from The American Heritage® Dictionary of the English Language, 4th Edition
- A city of central Iran south of Tehran. An ancient town and capital of Persia from 1598 to 1722, it was long noted for its fine carpets and silver filigree. Today it has textile and steel mills. Population: 1,600,000.
from Wiktionary, Creative Commons Attribution/Share-Alike License
- proper n. Alternative spelling of Isfahan.
from WordNet 3.0 Copyright 2006 by Princeton University. All rights reserved.
- n. city in central Iran; former capital of Persia
Sorry, no etymologies found.
Physicians for Social Responsibility examined the risks of a more advanced buster-bunker weapon, and it eerily tabulated the toll from an attack on the underground nuclear facility in Esfahan, Iran. â€œThree million people would be killed by radiation within two weeks of the explosion, and 35 million people in Afghanistan, Pakistan, and India, would be exposed to increased levels of cancer-causing radiation, â€ according to a summary of that study in the backgrounder by the Union of Concerned Scientists.
We moved on from the pleasures of Shirz, to Esfahan which is a treasure.
As well as a not so secret underground nuclear reactor near Natanz and enrichment sites in Esfahan directly in my path I was somewhat apprehensive.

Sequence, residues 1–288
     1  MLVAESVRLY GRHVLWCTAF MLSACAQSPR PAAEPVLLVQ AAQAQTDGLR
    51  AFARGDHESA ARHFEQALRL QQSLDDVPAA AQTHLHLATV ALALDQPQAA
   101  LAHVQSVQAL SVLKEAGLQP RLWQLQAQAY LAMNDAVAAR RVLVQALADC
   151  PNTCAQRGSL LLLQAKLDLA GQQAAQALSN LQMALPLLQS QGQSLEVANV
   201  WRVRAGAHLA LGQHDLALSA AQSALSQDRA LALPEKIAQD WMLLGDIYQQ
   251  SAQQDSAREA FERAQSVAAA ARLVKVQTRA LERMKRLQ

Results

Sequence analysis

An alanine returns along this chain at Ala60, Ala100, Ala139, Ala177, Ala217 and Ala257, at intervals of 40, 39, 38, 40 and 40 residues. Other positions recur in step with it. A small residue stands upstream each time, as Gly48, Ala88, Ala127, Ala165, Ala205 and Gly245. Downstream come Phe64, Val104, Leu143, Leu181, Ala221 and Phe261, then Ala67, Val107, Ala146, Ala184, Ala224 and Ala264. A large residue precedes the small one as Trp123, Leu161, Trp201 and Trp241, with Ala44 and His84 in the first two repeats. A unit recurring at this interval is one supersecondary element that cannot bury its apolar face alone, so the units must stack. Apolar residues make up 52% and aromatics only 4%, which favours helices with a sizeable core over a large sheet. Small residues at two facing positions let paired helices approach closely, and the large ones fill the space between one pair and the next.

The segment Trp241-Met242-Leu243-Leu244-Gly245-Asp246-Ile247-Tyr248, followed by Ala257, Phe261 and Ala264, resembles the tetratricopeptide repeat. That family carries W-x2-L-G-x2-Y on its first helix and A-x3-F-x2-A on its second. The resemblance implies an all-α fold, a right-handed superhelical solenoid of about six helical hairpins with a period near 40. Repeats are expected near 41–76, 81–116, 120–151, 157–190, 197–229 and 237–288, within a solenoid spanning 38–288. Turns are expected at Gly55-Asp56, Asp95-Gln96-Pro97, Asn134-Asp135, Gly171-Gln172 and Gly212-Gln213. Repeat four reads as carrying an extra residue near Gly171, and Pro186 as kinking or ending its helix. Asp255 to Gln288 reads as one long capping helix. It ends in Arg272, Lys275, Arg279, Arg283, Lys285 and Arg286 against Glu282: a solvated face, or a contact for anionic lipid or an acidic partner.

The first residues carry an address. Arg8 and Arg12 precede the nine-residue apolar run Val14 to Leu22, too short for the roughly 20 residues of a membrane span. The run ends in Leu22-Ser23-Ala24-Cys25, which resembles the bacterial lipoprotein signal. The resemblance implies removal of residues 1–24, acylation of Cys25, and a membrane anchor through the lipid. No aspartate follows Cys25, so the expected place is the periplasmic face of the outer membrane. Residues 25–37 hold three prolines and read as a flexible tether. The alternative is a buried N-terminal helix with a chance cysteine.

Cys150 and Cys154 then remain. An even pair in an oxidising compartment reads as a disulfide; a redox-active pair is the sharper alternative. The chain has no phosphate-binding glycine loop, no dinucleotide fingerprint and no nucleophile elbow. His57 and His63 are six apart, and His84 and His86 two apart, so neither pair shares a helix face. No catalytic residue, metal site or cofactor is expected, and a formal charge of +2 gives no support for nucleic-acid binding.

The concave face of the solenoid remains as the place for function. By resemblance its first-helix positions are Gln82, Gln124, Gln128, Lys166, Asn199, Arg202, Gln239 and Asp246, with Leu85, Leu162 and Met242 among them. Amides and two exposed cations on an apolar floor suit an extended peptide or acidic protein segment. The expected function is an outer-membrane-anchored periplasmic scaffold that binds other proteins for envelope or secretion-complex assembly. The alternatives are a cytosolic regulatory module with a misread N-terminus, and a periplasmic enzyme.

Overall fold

ÂAs well as a Ânot so secret underground nuclear reactor near Natanz and enrichment sites in Esfahan directly in my path I was somewhat apprehensive.
Walking into the city of Esfahan I passed petro-chemical plants and factories belching out fluorescent orange smoke.
Iranian environmentalists are using online media tools to save different cultural monuments such as The Si-o-se Pol or “33 Pol” (bridge of 33 arches) an architectural masterpiece in the heart of the Iranian historic city of Isfahan (Esfahan).
It has a decrepit air force, antiquated air defenses, a vulnerable electrical grid, exposed nuclear sites the uranium conversion plant at Esfahan, the heavy water facility at Arak, the reactor at Bushehr, and a vulnerable energy infrastructure on which its economy is utterly dependent.
Cirincione went to the city of Esfahan in 2005 to tour a nuclear facility there at Iran's invitation.
But as Iranian state-controlled television beamed images of rallies supporting the regime in different cities, several Western and Arab television networks were reporting clashes between protesters and security forces in Tehran, Mashhad, Esfahan, Ahvaz, Shiraz and Tabriz.
What outsiders can do is create broad support for Israel's inherent right to self-defense against a nuclear Holocaust and defend the specific tactic of pre-emptive attacks against Iran's Esfahan uranium-conversion plant, its Natanz enrichment facility, and other targets.